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Old 10-26-2009, 01:41 AM   #151 (permalink)
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I believe most automatics today have a smaller transmission cooler built into the radiator. This is two fold. It moderates the transmission to some extent. Warming it up in winter sooner, and keeping it closer to the water temperature for the cooling effect in summer.

I have my external plugged in line with the stock one. Like I said, for 40 bucks its worth it for piece of mind. I need to also get a gauge on mine. :/ I might try this for the lezzy afterwards too.

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Old 10-26-2009, 06:36 PM   #152 (permalink)
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Quote:
Originally Posted by RH77 View Post
Excellent point. In my application, the trans cooler is essentially built into the radiator. I have it blocked and coolant temps get high -- I should also worry about the trans.

I'm also running about 80% synthetic fluid, which should hopefully handle the extra heat.

Trans temp is that one setting that's missing from the SG-II for monitoring. It may be an X-Gauge add-on, but I don't believe there's a sensor for it.
Trans temp is a Ford-specific X gauge so I can see it on my car. Typical highway cruising is about 176* or so. Hills wreak havoc on it. I took a road trip through Pennsylvania back in June and was seeing temps as high as 230*.

And you are right to be concerned about the effect of the grill block. I had a full lower grill block on over the winter, and when the weather started to get warm coolant temps were about 5-10* above normal, but trans temps were up about 25*. What brucey pointed out is right on, with the coolant and trans fluid sharing the radiator the coolant is actually heating the trans fluid to an extent.
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Old 10-26-2009, 07:22 PM   #153 (permalink)
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Quote:
Have you been watching the transmission temperature? Thats the only thing I'd be worried about in doing something like this. I haven't seen it mentioned, but I thought that was the reason most transmissions dont always have the torque converter locked, in high load settings it causes a ton of heat.
Exactly the opposite is true. The TCC lockup reduces heat build up in an auto transmission. Most of the heat generated is from fluid friction in the TC. Lock it up and the TC is disabled, eliminating all that fluid friction.

The TCC unlocks under high load situations to give you more torque from the torque multiplication action of the TC. If you have enough torque with the TCC locked at a given load it is far more efficient to be locked up than not. Just like a manual trans, if you don't have enough torque, downshift. Problem solved.

The TCC lockup really just turns your auto into an auto shifting manual transmission without a foot operated clutch.
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Old 10-26-2009, 09:06 PM   #154 (permalink)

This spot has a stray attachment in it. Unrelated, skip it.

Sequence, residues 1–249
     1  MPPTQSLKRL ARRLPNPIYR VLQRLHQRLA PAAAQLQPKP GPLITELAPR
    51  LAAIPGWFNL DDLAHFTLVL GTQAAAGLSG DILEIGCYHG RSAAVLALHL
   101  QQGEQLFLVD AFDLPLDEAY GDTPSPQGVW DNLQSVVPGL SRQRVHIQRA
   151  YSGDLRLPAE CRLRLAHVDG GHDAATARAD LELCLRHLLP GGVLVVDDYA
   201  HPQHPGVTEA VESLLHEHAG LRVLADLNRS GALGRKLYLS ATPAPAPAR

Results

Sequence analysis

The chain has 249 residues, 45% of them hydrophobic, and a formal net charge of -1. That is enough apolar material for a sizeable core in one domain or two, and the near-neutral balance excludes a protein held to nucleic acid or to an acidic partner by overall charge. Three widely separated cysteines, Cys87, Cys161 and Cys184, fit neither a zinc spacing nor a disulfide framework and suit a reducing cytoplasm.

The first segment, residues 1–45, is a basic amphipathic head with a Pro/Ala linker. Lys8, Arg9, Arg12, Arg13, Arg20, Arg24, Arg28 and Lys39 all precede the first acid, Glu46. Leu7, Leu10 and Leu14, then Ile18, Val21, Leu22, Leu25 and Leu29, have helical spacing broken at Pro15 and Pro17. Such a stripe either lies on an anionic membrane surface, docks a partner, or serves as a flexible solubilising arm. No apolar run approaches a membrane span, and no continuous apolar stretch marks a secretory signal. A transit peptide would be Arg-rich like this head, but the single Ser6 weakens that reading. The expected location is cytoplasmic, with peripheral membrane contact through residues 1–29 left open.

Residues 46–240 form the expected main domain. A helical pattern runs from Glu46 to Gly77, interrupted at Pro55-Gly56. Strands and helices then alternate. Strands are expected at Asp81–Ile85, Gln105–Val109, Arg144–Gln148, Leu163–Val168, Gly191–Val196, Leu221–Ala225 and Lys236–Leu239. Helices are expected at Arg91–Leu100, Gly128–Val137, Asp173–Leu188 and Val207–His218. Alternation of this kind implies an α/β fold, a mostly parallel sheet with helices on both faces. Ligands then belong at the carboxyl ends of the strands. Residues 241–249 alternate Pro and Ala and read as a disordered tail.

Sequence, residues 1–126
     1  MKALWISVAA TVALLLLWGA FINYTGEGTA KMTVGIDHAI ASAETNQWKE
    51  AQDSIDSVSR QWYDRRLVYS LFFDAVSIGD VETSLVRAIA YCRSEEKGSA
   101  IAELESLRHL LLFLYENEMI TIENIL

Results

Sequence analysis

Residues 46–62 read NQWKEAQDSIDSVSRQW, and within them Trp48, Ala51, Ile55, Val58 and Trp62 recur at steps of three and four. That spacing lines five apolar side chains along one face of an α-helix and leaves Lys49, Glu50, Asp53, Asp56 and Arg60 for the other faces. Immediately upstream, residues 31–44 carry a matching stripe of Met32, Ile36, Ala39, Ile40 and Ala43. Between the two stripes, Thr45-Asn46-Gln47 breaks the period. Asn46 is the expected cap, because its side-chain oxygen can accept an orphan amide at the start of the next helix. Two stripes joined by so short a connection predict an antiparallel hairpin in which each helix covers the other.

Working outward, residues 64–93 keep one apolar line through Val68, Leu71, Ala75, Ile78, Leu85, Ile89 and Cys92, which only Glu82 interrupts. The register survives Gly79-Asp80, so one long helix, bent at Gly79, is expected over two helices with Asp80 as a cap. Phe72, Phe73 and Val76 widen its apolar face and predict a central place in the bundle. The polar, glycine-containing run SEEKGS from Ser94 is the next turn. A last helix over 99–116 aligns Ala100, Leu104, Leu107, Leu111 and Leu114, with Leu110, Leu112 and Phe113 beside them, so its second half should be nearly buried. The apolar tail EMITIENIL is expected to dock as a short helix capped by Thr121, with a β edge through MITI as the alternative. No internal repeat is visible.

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Explained perfectly.
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Old 10-26-2009, 09:20 PM   #155 (permalink)
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except in my case. I was planning on having a pedal just for kicks....

now I am not so sure....I have been wondering if downshifting to the next lower gear would be better than just unlocking the TCC and getting a little more torque? If the fuel used would be the same then I would leave it locked...just wondering. it would be nice to have the pedal for when I want to hit it hard though....still not sure how to deal with both TCC solenoids.
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Old 10-26-2009, 09:21 PM   #156 (permalink)
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Try monitoring the solenoids with LEDs to see how they react to different situations. It will give you a better idea of what's going on than any of us can.
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Old 10-26-2009, 09:29 PM   #157 (permalink)
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just wire a 12 led to each lead of each sol?

or just to pos and then to ground? probably doesn't matter....
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Last edited by IsaacCarlson; 10-26-2009 at 09:45 PM..
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Old 10-26-2009, 09:44 PM   #158 (permalink)
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attach the LED's power in to either side of the solenoid, then ground the LED to chassis.
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Old 10-26-2009, 09:50 PM   #159 (permalink)
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cool, thanks

maybe now I can figure out what is going on....
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Old 10-26-2009, 09:50 PM   #160 (permalink)
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It's the blue button far to the right, next to the green buttons.

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